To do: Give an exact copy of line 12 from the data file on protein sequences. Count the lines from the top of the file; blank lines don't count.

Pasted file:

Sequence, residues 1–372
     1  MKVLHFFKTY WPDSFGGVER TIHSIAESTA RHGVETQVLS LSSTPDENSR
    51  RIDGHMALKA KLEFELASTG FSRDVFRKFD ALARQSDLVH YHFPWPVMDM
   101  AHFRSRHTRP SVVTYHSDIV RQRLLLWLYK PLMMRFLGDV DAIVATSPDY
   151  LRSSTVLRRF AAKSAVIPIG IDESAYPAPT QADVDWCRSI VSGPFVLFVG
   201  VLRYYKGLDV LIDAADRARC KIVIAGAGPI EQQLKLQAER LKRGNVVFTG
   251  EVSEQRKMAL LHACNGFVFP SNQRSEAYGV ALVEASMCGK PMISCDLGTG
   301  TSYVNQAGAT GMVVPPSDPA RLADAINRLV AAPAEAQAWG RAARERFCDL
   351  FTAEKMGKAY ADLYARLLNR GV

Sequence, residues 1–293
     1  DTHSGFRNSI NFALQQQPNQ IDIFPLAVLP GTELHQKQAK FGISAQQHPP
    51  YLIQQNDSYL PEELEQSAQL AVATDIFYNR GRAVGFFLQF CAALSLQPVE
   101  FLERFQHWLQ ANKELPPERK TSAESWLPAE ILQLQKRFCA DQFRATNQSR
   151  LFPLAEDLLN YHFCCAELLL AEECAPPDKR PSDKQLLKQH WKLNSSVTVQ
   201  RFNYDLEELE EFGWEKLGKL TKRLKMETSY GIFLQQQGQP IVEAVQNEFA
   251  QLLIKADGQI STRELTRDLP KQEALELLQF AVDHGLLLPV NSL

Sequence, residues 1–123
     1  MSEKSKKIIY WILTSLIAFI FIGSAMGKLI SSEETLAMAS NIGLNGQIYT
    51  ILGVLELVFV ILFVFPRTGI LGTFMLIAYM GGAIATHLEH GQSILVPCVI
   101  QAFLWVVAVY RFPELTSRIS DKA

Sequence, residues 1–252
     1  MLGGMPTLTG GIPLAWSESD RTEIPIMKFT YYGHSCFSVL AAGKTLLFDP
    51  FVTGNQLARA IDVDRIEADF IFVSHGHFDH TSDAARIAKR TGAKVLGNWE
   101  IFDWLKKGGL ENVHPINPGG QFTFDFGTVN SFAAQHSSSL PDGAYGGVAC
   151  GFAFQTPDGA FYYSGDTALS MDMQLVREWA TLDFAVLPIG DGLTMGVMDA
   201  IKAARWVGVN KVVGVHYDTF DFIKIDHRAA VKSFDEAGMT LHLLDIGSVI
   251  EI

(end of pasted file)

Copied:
    51  YLIQQNDSYL PEELEQSAQL AVATDIFYNR GRAVGFFLQF CAALSLQPVE